• In general, MCMC is slow for latent GPs with explicit latent values, making the feasible dimensionality even lower.
  • For GPs to scale to dimension [20,000,00, 265] a special GP software is needed with special approximate computation. You can’t get this to work with Stan with any high-performance cluster.
  • For GPs with J*N latent values, you want to marginalize them with something faster than MCMC, the usual options being Laplace, variational inference, and expectation propagation algorithms specialized for GPs (ie you can’t use Stan’s variational inference for this)
  • It’m not able to follow your model, but I think it has errors, and there are some ways to speed-up covariance matrix computation, but it really doesn’t matter as I don’t think you are going able to use Stan for this big data anyway.
  • I think I should add a paragraph to Stan user guide discussing the limits of GPs in Stan
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Hi, thank you for your reply. Yes, I found that the model could not handle [20,000,000, 265] dimensions so I have been running it at [5,000, 10] and it runs fine but still doesn’t converge. Should I remove the Cholesky-based computation from my model?

I’ve written my model out in mathematical notation. Please let me know if you still think there are errors in the code!

I appreciate your input! Thank you in advance!

@avehtari What special GP software do you recommend nowadays?

Also, I was thinking that discrete time latent AR(p) processes are pretty cheap to compute in Stan since each likelihood evaluation only depends on the previous p values, and for p = 3 or 4, they can get pretty smooth. I know Matern kernels basically give you continuous time analogues to AR(p) processes. Are you aware of anything analogous for continuous time GP’s where the probability of a single point is conditionally independent of all other points given p previous points or the first p derivatives at the previous point? The first page of appendix B in the Rasmussen book mentions something about how the first p derivatives in a continuous time GP are somehow analogous the p previous points in a discrete time AR(p).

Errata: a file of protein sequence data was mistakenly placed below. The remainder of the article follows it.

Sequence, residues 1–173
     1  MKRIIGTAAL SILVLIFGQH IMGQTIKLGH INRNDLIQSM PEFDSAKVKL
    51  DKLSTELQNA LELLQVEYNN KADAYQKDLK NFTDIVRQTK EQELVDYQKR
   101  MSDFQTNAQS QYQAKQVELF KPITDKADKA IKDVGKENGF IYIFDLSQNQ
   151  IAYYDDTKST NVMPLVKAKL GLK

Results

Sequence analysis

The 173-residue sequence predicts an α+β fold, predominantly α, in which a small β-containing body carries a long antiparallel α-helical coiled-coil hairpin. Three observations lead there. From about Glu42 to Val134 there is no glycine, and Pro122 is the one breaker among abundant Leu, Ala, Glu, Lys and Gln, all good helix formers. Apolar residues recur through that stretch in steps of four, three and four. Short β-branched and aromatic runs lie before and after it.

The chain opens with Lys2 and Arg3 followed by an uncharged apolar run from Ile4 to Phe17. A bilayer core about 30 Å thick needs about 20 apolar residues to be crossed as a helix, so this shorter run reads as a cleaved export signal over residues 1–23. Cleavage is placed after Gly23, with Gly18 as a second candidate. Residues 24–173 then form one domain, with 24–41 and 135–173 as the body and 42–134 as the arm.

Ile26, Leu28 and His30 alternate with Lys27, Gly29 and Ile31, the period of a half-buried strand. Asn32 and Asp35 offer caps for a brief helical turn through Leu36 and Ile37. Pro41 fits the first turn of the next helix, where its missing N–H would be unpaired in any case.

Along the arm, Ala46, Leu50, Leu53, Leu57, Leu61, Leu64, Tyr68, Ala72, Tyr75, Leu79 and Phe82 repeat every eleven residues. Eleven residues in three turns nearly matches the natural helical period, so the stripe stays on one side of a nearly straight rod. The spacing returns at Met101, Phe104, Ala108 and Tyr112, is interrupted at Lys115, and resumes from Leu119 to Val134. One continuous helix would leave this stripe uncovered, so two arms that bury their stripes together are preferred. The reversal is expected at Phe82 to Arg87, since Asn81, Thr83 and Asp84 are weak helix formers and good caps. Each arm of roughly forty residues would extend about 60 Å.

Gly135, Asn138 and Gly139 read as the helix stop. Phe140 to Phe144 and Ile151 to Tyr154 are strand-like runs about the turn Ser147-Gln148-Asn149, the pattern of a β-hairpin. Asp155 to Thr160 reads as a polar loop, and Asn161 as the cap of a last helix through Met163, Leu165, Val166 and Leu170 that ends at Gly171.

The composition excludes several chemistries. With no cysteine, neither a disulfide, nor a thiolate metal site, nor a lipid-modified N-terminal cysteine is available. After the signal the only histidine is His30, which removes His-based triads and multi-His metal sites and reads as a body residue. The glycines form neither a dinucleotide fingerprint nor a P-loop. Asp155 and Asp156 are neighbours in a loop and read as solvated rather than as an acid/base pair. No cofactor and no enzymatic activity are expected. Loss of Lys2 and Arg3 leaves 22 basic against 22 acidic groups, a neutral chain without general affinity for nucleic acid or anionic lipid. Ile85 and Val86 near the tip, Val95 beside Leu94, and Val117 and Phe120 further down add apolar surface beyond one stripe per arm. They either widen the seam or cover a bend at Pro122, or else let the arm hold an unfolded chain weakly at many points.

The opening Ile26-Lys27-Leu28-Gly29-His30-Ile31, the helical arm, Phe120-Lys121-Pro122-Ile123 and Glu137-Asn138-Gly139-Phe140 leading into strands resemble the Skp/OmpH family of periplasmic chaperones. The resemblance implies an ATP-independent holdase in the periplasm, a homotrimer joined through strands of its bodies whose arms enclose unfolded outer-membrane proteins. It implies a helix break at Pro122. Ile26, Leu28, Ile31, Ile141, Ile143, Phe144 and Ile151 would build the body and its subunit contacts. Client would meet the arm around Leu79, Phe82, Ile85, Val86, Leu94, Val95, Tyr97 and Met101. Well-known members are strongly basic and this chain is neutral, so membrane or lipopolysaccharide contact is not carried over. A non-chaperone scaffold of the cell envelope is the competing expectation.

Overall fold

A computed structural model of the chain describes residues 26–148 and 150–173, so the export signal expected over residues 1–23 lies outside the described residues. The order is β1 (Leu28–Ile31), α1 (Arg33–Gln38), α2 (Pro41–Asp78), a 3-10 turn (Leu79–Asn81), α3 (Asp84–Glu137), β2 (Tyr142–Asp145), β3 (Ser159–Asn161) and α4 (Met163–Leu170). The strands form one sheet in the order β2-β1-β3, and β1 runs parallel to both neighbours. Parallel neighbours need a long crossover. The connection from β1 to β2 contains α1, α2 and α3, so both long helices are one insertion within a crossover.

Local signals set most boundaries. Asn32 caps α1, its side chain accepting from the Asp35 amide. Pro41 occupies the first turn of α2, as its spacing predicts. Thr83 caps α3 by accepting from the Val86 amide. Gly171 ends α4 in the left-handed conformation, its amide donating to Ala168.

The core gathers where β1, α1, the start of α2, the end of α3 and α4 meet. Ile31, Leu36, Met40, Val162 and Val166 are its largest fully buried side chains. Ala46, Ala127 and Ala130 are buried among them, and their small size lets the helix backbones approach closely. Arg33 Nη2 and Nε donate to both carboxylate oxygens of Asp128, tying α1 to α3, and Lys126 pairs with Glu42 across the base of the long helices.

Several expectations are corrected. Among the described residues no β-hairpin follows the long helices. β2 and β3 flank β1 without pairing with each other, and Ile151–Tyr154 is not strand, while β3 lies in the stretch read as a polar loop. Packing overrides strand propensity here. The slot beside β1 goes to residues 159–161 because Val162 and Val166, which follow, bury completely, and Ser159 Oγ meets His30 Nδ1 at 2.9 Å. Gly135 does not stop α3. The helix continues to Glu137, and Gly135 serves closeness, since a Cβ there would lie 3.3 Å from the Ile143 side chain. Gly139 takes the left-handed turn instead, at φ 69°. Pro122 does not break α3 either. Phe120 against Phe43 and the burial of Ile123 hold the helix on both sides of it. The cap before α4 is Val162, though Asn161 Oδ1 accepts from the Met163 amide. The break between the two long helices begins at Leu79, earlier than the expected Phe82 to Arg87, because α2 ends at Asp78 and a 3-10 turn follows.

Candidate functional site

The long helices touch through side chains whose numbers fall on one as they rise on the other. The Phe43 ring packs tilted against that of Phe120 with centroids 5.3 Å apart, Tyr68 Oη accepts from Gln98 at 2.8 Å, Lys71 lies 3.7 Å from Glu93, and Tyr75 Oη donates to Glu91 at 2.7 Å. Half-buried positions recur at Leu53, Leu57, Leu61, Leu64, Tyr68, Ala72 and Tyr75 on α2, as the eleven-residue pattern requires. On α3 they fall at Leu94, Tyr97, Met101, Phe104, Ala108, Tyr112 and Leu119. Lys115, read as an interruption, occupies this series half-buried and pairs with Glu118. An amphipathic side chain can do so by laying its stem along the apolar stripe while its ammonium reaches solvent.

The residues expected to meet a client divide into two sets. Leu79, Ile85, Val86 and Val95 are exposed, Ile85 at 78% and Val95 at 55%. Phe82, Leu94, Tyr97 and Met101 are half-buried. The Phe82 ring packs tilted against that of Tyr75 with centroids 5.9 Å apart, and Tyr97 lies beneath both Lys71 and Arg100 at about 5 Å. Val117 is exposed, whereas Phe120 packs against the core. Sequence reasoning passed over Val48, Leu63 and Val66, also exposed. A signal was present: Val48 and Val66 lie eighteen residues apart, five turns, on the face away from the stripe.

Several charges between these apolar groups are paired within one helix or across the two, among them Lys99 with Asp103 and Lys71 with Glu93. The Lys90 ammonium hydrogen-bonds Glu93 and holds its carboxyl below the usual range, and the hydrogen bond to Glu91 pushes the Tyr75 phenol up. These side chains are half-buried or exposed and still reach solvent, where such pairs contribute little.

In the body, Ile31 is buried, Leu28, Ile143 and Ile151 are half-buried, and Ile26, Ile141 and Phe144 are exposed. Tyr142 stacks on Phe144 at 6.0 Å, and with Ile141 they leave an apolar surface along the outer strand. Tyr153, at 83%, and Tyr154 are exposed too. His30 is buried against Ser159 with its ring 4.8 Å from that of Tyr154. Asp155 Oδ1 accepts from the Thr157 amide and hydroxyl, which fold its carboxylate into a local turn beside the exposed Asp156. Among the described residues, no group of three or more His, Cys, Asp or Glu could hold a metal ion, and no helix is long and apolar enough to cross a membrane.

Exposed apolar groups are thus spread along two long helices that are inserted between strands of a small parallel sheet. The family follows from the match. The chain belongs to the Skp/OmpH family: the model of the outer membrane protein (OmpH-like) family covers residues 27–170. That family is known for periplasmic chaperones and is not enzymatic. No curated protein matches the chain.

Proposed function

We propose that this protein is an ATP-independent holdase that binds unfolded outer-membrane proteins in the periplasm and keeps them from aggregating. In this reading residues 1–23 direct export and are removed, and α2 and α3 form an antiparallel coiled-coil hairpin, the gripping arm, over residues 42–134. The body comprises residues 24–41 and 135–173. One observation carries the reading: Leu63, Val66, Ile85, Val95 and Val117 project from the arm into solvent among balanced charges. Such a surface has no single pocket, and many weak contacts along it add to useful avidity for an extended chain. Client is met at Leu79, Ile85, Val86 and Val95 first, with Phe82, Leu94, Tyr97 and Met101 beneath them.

It’s more clear now. With this formulation there are huge dependencies between beta_mu, beta, and z and it’s known that all known MCMC methods are slow which explains your convergence issues.

You can make the posterior easier by analytically integrating out beta_mu and beta. As beta_mu has normal prior, and beta has MVN prior, you can integrate out beta_mu, so that you get

\beta \sim \mathrm{MVN}(0, \Sigma + \Sigma_\mu)

where \Sigma_mu is a matrix with all values 1 (the variance from the normal(0, 1)) prior of beta_mu). As beta has MVN prior, then xbeta has also MVN prior and you can write

z \sim \mathrm{MVN}(0, x(\Sigma+\Sigma_\mu)x^T+I\epsilon^2)

where I is an identity matrix (it’s now been quite long time that I regularly worked with combinations of covariance matrices, so there is a small probability that there is an error here). Due to having the positivity constraint for z you can’t marginalize z, but you can write the MVN in Stan as

z ~ multi_normal_cholesky(0, L_K);

where L_K is the Cholesky of the above-mentioned covariance matrix.

I onky know realized that it’s likely N>J, and in that case the integration of beta_mu still makes sense, but integrating out beta, would make the covariance matrix to be of size NxN which would make the Cholesky much slower. But even integrating out beta_mu would probably help a bit.

The target being multivariate makes this more complicated, which may also affect that how much you can integrate out.

I haven’t been following closely the development, but it seems like some of the old ones are not actively developed, and new ones keep popping up, and no single software implements all possible features, so there is no generic recommendation, but you need to know well what features you want and then check if any of the packages have them all.

Yes. See [PDF] Kalman filtering and smoothing solutions to temporal Gaussian process regression models | Semantic Scholar